Fun Fast Five with Victoria Schade


  1. What’s the best piece of writing advice you ever received? 

 The best writing advice I’ve ever received was keep going! I quit writing my first book at about 10,000 words, probably due to a massive case of Imposter Syndrome. Years later I was lucky enough to have a dog training client who also happened to be a NYT bestselling author. She agreed to take a peek at what I’d written and she said those two words to me … keep going … and it was enough to get me to finish the book. I credit her with my writing career. If she hadn’t given me that boost, I wouldn’t be here!  

  1. The pandemic has sucked, but not everything has been misery. Tell us the best thing about the pandemic and/or quarantine for you.

As someone who works from home, the pandemic didn’t change my daily life much at all. However, my husband’s changed considerably: he went from either being in the office or on various job sites to working exclusively from home. And I loved it! We’re lucky enough that we have some separation between our offices so we were able to stay focused when we needed to, but we were also able to visit, goof around and get mid-day hugs when we needed a break. I discovered I liked having him as a “colleague”! 

  1. Your book is about a dog who ought to be in pictures and a dog custody battle. As a real-life dog trainer, what’s the weirdest thing you ever encountered with your people clients? 

I have oh-so many stories about strange things I’ve encountered with clients. I was an in-home trainer so I got to be up close and personal with my clients in their natural habitats around Washington DC … I’ve gotten locked out of the house with clients and had to climb in the window because I was the only one tall enough to reach it, I’ve worked with hoarders, a presidential great grandson (you’d definitely recognize his name!) and a high ranking presidential advisor who took me to lunch in the private White House dining room! 

  1. You also got to be an official dog trainer for the Animal Planet Puppy Bowl! Get OUT—how fun was THAT? What is the numero uno training tip for dog owners, novice or (ahem) experienced owners with a dog who does what he wants and is afraid of clouds? Or maybe just your number one tip?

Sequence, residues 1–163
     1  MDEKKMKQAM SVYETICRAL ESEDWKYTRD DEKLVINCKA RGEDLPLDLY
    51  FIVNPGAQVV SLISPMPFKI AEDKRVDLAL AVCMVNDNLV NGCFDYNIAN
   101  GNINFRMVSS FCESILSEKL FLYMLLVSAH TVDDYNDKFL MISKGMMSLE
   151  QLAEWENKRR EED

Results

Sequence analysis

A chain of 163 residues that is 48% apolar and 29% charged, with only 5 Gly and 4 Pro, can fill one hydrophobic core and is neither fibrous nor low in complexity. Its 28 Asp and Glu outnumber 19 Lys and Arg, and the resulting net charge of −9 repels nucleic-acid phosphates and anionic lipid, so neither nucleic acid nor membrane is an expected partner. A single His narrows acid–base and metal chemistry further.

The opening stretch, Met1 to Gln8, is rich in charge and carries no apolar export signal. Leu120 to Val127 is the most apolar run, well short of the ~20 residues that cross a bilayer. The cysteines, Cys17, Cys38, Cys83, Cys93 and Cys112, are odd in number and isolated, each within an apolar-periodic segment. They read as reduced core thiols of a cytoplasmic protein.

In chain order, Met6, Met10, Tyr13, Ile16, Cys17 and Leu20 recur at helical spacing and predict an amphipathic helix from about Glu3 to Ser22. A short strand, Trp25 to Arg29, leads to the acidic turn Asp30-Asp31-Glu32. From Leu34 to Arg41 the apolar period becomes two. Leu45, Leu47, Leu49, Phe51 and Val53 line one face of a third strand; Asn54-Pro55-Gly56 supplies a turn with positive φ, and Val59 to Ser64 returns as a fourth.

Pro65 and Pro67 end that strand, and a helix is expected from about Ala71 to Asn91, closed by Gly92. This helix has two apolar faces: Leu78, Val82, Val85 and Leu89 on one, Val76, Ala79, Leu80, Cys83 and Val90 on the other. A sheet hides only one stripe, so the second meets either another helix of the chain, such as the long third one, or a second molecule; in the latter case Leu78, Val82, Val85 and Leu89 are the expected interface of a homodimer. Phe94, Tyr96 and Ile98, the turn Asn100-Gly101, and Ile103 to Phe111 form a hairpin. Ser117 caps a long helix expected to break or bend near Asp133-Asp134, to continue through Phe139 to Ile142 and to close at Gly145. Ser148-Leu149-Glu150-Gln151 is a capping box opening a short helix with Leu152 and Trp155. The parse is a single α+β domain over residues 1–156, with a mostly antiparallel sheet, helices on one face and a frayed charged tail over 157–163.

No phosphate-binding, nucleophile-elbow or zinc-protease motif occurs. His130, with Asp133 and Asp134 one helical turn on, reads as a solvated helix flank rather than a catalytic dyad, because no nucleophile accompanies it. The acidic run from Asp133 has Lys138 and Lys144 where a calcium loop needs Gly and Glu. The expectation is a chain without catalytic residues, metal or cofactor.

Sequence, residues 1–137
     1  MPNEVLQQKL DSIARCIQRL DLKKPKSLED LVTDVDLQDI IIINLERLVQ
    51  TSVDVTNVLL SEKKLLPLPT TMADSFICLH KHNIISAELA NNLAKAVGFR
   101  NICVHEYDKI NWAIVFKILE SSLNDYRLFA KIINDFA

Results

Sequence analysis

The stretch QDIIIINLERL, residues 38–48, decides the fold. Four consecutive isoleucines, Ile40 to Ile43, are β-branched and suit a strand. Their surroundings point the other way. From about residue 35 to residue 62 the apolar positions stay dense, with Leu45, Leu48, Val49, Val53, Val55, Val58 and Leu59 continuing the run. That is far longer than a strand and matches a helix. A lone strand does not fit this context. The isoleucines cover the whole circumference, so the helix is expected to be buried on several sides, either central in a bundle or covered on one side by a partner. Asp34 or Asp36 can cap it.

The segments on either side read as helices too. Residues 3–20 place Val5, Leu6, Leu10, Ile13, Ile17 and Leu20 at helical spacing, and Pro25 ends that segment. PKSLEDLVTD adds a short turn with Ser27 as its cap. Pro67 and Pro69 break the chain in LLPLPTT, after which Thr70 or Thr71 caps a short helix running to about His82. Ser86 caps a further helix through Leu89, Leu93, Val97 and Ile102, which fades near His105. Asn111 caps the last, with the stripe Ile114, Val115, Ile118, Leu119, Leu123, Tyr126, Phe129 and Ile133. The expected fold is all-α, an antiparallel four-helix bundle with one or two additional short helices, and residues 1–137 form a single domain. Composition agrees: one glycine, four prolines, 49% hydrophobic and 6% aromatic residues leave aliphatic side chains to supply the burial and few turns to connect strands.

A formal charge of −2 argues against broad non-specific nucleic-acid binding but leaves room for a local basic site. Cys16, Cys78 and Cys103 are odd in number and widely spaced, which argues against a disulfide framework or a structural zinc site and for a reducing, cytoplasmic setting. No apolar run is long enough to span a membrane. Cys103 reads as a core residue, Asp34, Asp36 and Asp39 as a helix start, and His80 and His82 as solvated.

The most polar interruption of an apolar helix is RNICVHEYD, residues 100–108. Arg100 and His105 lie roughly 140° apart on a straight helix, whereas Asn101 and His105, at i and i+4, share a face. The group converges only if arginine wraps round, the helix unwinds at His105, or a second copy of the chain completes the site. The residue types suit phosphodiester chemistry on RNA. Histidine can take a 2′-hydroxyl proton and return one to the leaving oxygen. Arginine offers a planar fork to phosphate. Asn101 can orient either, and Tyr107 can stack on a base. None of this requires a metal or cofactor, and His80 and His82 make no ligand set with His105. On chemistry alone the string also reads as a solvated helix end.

Puppy Bowl is everything – I’ve been a part of the show for fifteen years now! I have so many training tips that it’s hard to choose one, but I guess my top suggestion is to learn more about canine body language. Our dogs work so hard to understand us but we don’t do them the same honor, and that leads to misunderstandings and worse. Knowing what your dog is truly saying (and not just making assumptions, like a wagging tail means he’s happy) makes you a better advocate for him and strengthens the bond between you. Want to become a student of “doglish”? The illustrator Lili Chin has an adorable body language book that’s a great overview. And then there’s the OG of body language books, Calming Signals by Turid Rugaas – it changed the way I look at dogs. (Oh, and one more tip? Use better treats when you’re training your dog, like cheese, hot dogs or freeze dried chicken!)


  1. What book did you read in the last year that really let you escape from the Year of our Lord, Hellscape?

Present company excluded? (Hiii, You Lucky Dog!) During the pandemic I got wrapped up in Pretty Things by Janelle Brown and got my dog-fix from Wag: The Science of Making Your Dog Happy by Zazie Todd. Good stuff!


(side note: take it from me, you will love her book).

Leave a Reply

Your email address will not be published. Required fields are marked *